Transfer pricing and the impact of rising interest rates

April 2023

During 2022, central banks around the world such as the US Federal Reserve and European Central Bank introduced successive increases in base interest rates. This tendency has continued in 2023, and further increases are expected to help curb rising inflation.

Interest rates that central banks control determine the rate at which commercial banks can borrow. When these interest rates rise, commercial banks tend to pass on the increase to their own borrowers in the form of higher interest rates. This raises an important and specific question: how does this affect transfer pricing? In this article we consider some of the potential implications for financial transactions between related parties.

The arm’s-length principle

The overarching principle of transfer pricing is that related parties involved in controlled transactions shall conduct themselves in the same way that third parties would behave in similar circumstances. Therefore, if external influences such as interest rates are changing, it follows that there might be implications for the arm’s-length nature of financial transactions between related parties. This is true for both new and existing transactions.

New and existing financial transactions

Generally, the arm’s-length nature of financial transactions should be evaluated every time a financial instrument is granted or amended.

In this context, any financial agreement that carry tacit or automatic renewal capability merits close attention, particularly if any of the parties can oppose the extension of the agreement. At arm’s length, third parties would aim to renegotiate the terms and conditions, considering current costs as well as available funding and investment opportunities.

Funding value chain

In multinational groups it is usual to centralise third-party debt and then grant intercompany funding to related parties. At arm’s-length, a lender would only lend if the financial transaction produces a positive outcome. Consequently, in the context of rising debt costs, multinational groups should analyse their funding value chains to ensure they are feasible for transfer pricing purposes.

Further, transfer pricing policies should avoid increasing intercompany interest rates to a point where they exceed those available on the open market.

Borrower’s cash position

Intercompany financial transactions must align with transactions that third parties would undertake in similar circumstances. This means considering both a lender’s and a borrower’s circumstances.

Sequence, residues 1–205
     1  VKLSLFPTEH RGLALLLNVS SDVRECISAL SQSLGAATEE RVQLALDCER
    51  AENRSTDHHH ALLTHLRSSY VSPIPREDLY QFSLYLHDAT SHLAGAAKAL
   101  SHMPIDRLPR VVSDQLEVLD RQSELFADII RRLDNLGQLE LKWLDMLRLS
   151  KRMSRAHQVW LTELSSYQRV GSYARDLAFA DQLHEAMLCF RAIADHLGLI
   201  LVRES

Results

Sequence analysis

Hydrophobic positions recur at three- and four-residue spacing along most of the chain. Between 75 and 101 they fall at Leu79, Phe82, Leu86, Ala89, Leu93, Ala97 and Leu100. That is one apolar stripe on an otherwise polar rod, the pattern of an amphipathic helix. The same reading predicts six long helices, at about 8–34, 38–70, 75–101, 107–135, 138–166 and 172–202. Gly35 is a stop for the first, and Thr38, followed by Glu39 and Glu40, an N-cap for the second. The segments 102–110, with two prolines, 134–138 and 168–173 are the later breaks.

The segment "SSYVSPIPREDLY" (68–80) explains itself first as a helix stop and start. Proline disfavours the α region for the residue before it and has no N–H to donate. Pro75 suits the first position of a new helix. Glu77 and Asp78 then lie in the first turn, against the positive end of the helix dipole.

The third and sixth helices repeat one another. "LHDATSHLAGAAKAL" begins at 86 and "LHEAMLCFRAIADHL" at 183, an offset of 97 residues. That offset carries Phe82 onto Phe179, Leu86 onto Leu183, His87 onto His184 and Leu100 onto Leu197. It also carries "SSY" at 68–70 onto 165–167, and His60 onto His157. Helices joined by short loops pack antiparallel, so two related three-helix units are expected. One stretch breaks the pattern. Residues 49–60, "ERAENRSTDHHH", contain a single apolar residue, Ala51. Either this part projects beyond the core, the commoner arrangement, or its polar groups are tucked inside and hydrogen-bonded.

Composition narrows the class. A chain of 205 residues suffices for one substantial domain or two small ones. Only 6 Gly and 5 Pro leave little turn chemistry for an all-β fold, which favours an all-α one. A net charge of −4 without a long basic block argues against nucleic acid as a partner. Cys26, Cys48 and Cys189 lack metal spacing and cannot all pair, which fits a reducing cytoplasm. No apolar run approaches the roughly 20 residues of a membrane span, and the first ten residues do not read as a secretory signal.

In recent years, low interest rates have led to bank deposits receiving little interest, having a direct impact on the related parties’ opportunity costs. With interest rates rising, banks are beginning to offer returns on deposits. This creates an expectation that a borrower with significant cash deposits might partially or totally repay a debt (if allowed under the agreement). Similarly, at arm’s length, a company might only be willing to lend to a related company  where the return exceeds the expected return of alternative investments.

Debt capacity and balance structure

Higher interest rates can make borrowing less attractive, leading borrowers to prefer equity intensive funding structures. Therefore, it is important to understand that it is not only interest rates that drive the arm’s-length nature of an intercompany financial transaction but all conditions of the funding agreement. This includes any debt-to equity proportion or interest coverage ratio.

Following OECD guidance

In view of the OECD’s Base Erosion and Profit Shifting project (BEPS), most jurisdictions have incorporated interest-capping, thin capitalisation and earnings stripping rules. Rising interest rates may affect a borrower’s capacity to comply with these regulations, making intercompany debt less attractive than other funding alternatives.

The January 2022 edition of the OECD Transfer Pricing Guidelines for Multinational Enterprises and Tax Administrators incorporates the report Transfer Pricing Guidance on Financial Transactions: Inclusive Framework on BEPS: Actions 4, 8-10, issued in February 2020.

While most jurisdictions follow, directly or indirectly, the OECD transfer pricing guidelines, local practice or regulation may also prevail. This means it’s not possible to be definitive and the advice of local transfer pricing experts is invaluable.

About the author

Airam González San Fiel
Madrid, Spain

Airam joined Russell Bedford in Spain in 2022, following eight years in the Global Transfer Pricing Services practice of KPMG Spain. During this time, Airam did a secondment in KPMG’s New York office.

Airam has wide experience managing and leading global transfer pricing documentations covering more than 30 jurisdictions. He has also been involved in the design and implementation of transfer pricing policies, as well as in restructuring and M&A projects. With regards to tax audits and agreements with and between tax authorities, such as Advance Pricing Agreements (APA) and Mutual Agreement Procedures (MAP), Airam has worked with the tax and competent authorities in multiple jurisdictions.

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